Law School Deans Urge State Bars to Waive Bar Exam Amidst Pandemic

Law school deans join recent law school graduates, the American Bar Association, and others in states across the country asking for states to take steps to allow law school graduates to practice law without taking the bar. Many states have postponed or even canceled bar exams for recent law school graduates. These individuals cannot practice law until they pass the bar exam and are admitted to practice in that state.


Unfortunately for law students, many states keep changing their policies for the bar examination. Some states held in-person exams in July, while other states rescheduled the July exam. Other states have decided to hold remote bar exams instead of in-person exams.

The National Conference of Bar Examiners (NCBE) has a list of the announcements for each state on its website. 

Students in states that have postponed the bar exam are under a lot of pressure. They want to go to work, but they cannot practice law. 

A few states have adopted policies that allow law students to bypass the bar exam. Diploma privilege allows a person with a Juris Doctorate to obtain a license to practice law without taking the bar exam. A few states have adopted this option for dealing with the bar exam.

Other states allow law school graduates to petition to practice under the supervision of an attorney. In some states, graduates can apply to engage in the limited practice of law. There does not seem to be a perfect answer to the situation.

As the courts and state bars continue to struggle to find a solution to the problem, the public, as well as law students, may suffer from the delay in admitting new attorneys to practice.


Courts and states attempt to balance the risk of COVID-19 with the needs of law school graduates and the public. While there is a push to protect the public interest by ensuring that lawyers have a minimum level of competency, there is also a public interest in having more attorneys admitted to the bar.

With the economic hardships caused by COVID-19, there are many more individuals seeking legal advice regarding financial matters. People need assistance with legal matters, including bankruptcy, personal injury claims, foreclosure, eviction, debt collection, and contract law.

Also, low-income individuals are seeking help as they apply for government benefits, such as Social Security, workers’ compensation, and Medicaid. Since many new attorneys enter areas related to public service, it can be in the public interest to admit attorneys to practice law as soon as possible. 


Deciding how to handle state bar examinations and admissions to practice law in the era of COVID-19 is challenging. Courts and State Bar Associations must balance the needs of graduating law students with the public interest. Many states include ethics questions on the bar exams, in addition to questions about legal theories, laws, and rules.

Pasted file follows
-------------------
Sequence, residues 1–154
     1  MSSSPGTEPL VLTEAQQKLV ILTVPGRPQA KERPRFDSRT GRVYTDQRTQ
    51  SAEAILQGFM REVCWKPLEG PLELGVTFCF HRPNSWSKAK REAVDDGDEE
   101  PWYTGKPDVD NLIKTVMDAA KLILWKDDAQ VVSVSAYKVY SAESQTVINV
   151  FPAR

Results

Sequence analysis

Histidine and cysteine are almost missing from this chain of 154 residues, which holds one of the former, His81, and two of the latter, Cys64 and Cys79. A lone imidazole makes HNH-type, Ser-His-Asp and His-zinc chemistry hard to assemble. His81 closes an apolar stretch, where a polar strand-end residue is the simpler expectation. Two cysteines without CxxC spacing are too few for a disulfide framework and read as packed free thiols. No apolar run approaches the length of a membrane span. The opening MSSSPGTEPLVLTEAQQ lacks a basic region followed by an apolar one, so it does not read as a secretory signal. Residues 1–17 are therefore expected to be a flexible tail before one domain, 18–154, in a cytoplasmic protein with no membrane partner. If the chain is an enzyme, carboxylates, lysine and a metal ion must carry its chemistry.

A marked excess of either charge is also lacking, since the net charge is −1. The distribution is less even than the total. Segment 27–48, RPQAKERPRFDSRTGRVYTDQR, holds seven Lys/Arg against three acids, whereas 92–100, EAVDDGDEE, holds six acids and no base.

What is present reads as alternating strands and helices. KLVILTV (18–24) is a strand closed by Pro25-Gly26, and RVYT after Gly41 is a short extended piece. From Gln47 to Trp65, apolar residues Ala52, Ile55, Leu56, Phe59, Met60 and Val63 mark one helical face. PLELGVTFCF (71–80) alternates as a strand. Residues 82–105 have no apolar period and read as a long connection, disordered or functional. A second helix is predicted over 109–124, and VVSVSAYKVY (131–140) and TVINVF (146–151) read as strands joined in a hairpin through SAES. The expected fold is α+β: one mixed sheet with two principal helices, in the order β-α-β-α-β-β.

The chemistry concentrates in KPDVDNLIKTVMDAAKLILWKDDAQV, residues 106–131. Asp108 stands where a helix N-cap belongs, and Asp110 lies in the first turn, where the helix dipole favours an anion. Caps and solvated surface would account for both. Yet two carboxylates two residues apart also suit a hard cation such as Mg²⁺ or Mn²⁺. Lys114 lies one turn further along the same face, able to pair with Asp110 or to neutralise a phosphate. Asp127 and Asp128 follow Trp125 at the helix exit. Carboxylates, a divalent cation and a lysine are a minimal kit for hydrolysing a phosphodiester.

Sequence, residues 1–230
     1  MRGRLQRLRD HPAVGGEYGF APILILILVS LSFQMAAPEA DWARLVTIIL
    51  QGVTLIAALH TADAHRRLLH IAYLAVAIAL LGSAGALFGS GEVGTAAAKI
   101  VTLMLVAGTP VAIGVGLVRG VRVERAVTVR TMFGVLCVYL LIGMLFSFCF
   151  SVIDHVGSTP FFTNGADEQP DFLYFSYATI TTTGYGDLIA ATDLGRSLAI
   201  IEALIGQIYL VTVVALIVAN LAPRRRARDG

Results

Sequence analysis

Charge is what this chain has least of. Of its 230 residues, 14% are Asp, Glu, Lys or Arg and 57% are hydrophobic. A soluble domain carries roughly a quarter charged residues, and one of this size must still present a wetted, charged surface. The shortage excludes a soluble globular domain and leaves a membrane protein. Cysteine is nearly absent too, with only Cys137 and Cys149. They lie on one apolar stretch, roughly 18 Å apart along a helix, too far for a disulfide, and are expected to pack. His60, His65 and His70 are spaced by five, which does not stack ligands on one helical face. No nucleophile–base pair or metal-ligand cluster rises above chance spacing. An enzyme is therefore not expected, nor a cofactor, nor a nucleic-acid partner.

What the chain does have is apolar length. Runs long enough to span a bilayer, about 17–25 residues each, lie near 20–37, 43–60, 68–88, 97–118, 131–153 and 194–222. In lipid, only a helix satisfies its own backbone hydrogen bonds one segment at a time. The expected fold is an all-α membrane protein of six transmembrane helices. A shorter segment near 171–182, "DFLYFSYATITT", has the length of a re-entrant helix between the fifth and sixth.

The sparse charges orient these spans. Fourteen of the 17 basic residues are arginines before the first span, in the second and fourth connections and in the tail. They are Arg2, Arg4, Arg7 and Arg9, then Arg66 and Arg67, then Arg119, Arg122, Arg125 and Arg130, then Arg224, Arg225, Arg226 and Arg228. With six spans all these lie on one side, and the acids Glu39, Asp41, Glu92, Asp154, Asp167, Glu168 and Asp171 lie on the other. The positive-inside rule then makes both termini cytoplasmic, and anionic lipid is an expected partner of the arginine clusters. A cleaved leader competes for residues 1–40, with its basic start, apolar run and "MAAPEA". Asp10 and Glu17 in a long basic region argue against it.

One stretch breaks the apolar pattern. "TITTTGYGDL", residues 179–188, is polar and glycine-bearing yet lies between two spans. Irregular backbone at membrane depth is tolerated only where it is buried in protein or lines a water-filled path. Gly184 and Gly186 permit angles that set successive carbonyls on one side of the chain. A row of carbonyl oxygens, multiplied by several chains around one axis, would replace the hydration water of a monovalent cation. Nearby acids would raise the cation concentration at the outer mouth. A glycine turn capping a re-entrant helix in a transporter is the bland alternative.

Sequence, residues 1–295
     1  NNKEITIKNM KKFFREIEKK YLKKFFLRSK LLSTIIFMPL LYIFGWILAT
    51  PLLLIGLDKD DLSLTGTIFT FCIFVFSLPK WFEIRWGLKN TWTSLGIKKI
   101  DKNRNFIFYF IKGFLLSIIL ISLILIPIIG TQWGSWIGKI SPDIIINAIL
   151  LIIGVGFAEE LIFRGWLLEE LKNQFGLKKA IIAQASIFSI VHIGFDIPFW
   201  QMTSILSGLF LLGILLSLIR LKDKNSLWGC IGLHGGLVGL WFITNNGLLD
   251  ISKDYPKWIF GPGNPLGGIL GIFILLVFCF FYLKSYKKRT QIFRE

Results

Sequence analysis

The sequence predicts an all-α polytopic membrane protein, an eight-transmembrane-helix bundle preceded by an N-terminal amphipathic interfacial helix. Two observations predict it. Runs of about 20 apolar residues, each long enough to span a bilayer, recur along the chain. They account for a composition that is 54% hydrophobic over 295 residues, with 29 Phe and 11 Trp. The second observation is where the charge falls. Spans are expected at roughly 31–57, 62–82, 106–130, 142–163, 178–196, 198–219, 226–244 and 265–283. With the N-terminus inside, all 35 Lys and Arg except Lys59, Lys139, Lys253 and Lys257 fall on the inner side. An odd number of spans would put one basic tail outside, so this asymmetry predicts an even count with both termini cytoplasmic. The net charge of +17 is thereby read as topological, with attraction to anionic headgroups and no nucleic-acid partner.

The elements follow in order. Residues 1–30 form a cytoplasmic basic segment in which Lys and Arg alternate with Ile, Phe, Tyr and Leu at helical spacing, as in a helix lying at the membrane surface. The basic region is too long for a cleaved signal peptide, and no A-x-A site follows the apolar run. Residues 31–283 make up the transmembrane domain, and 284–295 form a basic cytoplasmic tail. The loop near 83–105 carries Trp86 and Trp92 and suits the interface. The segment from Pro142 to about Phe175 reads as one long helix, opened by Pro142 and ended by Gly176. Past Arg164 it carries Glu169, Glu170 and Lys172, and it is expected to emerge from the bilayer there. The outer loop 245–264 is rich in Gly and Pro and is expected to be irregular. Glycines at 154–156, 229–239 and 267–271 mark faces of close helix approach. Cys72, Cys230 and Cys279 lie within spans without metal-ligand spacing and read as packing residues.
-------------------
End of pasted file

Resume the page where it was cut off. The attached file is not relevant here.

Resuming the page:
The professional conduct for attorneys is closely monitored. Attorneys have a high duty of care to their clients, the public, and the courts. Violating the rules of professional conduct and ethics can result in various disciplinary sanctions. 

Allowing attorneys to practice without taking the bar exam could be problematic. Permitting an attorney permanent admission to the bar without measuring competency through a bar exam could put the lawyer’s qualifications into question throughout the attorney’s career. 

Diploma privilege could also be a problem for states that use the Uniform Bar Examination (UBE). UBE states allow applicants to transfer their passing UBE scores to other UBE states. The attorneys can practice law in that state without retaking the bar exam.

However, if an attorney is admitted to practice law under diploma privilege, does that admission transfer to another state that does not permit admission through diploma privilege? Will there be a question about an attorney’s understanding of ethics or basic legal principles because he did not take the bar exam?


COVID-19 has impacted almost every area of life in the United States. Law firms have had to change how they interact with clients and the courts. Some law firms that made offers of employment to third-year law school students are now dealing with delays in hiring as students wait to take the bar exam.

The debate about the bar exam is likely to continue. Each state must address the question. Unfortunately, it is unlikely that a uniform decision about diploma privileges or other ways to allow law school graduates to practice law until they can take the bar exam is forthcoming.

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